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Surrounded by Artists and Professors: A Rake's Progress, William Hogarth 1732-5 (Courtesy: Sir John Soane's Museum)

Why Competent Jerks Get Hired

Idea posted: June 2018
  • Leadership & Change
  • Learning & Behaviour

Despite overwhelming evidence that ‘jerks’ in the workplace undermine the success of a team or organization, they continue to be hired. New research explains why: when one’s money is at stake, decision makers value competence over sociability — which is a long-term mistake.

Idea #710
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St. Francis Preaching to the Birds, Giotto, 1299, San Francesco Upper Church, Assisi, Italy (Source: Wikipaintings)

Building Trust: The Role of Stakeholders' Personal Values

Idea posted: November 2013
  • CSR & Governance
  • Learning & Behaviour
  • Marketing

For stakeholders, such as employees and customers, the trustworthiness of a company is based on competence and character attributes. New research shows that whether competence or character is more important to establishing trust depends on the personal conservative or liberal values of the stakeholders. This research helps companies develop targeted trust-building strategies.

Idea #262
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BW of man with telephone

How Time of Day Impacts on Business Conversations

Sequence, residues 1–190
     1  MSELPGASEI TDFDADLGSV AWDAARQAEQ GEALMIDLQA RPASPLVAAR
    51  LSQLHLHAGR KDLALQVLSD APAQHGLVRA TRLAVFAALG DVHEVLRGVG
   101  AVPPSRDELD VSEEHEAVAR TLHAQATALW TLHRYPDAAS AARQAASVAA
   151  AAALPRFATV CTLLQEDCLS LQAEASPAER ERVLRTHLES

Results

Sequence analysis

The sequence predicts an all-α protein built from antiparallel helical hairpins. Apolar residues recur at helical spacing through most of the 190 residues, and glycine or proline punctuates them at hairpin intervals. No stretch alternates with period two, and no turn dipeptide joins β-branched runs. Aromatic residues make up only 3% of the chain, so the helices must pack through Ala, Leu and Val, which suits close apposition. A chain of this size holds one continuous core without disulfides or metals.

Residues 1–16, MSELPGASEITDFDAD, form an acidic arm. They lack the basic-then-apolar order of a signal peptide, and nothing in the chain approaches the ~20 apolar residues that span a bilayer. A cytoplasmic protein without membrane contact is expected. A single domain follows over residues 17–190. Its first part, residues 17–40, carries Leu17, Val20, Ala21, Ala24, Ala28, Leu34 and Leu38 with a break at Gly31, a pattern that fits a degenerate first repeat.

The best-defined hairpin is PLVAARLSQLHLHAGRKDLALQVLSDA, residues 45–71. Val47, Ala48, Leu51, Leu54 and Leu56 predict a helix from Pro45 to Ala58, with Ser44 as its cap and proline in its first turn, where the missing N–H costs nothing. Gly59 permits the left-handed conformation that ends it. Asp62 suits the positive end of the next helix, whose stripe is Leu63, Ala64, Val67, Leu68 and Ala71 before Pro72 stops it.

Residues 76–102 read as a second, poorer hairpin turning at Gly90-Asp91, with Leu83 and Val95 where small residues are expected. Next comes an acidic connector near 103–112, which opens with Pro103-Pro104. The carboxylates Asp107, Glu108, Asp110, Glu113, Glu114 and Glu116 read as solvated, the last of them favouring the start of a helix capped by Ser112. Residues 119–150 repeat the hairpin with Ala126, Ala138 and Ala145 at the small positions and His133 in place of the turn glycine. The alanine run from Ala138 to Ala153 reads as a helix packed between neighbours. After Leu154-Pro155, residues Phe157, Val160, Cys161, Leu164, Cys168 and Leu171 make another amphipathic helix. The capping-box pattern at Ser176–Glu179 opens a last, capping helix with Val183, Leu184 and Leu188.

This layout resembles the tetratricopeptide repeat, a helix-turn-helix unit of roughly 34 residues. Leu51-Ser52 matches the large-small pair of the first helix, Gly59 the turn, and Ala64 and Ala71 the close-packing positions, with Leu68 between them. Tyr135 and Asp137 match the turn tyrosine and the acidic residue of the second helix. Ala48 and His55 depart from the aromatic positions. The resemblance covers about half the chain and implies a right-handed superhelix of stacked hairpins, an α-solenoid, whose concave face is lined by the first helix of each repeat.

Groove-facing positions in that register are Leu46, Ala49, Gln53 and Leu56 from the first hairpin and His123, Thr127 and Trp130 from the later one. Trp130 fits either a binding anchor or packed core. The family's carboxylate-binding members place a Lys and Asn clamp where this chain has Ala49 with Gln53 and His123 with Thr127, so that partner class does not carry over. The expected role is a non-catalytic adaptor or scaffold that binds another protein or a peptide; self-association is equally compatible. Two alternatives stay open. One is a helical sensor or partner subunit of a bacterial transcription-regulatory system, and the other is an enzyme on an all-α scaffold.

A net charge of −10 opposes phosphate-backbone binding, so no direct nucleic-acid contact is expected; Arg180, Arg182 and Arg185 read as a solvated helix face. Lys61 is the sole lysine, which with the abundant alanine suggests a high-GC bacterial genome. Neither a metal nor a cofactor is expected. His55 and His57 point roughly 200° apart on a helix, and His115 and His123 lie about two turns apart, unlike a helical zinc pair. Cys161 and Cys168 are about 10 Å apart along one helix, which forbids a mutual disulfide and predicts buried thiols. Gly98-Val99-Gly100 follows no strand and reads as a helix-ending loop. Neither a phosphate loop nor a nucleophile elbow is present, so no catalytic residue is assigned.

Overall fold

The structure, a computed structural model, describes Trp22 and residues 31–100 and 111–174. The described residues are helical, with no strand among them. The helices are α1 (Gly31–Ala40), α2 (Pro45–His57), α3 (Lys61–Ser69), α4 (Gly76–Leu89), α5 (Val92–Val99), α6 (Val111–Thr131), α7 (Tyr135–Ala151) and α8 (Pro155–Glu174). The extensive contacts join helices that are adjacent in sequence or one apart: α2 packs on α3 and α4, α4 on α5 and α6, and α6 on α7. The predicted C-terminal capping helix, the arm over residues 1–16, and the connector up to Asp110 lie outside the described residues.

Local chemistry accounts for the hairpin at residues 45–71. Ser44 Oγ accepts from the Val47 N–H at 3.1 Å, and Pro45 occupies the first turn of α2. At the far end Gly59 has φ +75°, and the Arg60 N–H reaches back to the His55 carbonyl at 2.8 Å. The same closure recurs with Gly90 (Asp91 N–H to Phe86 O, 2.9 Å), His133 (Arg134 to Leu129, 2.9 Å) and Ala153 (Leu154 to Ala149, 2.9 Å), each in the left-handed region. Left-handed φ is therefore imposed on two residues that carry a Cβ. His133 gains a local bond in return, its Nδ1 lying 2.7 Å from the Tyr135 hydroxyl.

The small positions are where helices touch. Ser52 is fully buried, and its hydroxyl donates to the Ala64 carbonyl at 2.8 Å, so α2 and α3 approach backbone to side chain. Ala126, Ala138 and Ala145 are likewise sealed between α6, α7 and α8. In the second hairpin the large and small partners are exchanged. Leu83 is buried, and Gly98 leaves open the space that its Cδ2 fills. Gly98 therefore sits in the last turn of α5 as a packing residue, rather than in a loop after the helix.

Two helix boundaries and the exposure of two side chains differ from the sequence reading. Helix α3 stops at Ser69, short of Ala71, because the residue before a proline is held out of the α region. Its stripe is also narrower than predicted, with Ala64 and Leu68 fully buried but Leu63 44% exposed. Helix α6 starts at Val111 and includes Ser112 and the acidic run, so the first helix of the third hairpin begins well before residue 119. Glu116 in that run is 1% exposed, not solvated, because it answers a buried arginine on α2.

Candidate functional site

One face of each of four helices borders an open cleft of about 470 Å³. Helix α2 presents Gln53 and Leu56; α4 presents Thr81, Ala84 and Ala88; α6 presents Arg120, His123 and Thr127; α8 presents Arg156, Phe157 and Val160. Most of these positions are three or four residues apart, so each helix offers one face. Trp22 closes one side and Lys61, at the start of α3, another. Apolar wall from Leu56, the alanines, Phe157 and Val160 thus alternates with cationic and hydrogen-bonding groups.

Idea posted: May 2013
  • Finance
  • Leadership & Change
  • Learning & Behaviour
  • Operations

When delivering bad news in a meeting or by phone, the time of day can make a difference in how the news is received. By studying quarterly corporate earnings calls to analysts, researchers showed that the tone of the conversations was more negative in the afternoon than in the morning. In addition, the market had a tendency to overreact to bad news when delivered in the morning. 

Idea #141
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WH Situation Room, 2010 (Source: Wikimedia)

Crisis As Opportunity: Leadership, Change and Renewal

Idea posted: January 2013
  • Leadership & Change
  • Learning & Behaviour

Arguably the greatest gift we can glean from a crisis is an improvement in our ability to see the next one coming, to prevent it coming if possible, and to lead our organization successfully through that next crisis situation. We learn Crisis Leadership. This is essential: crises are inevitable. Similarly, there are essential characteristics and skills required to navigate them, and to ensure your organization not only survives but emerges from the crisis better off.

Idea #078
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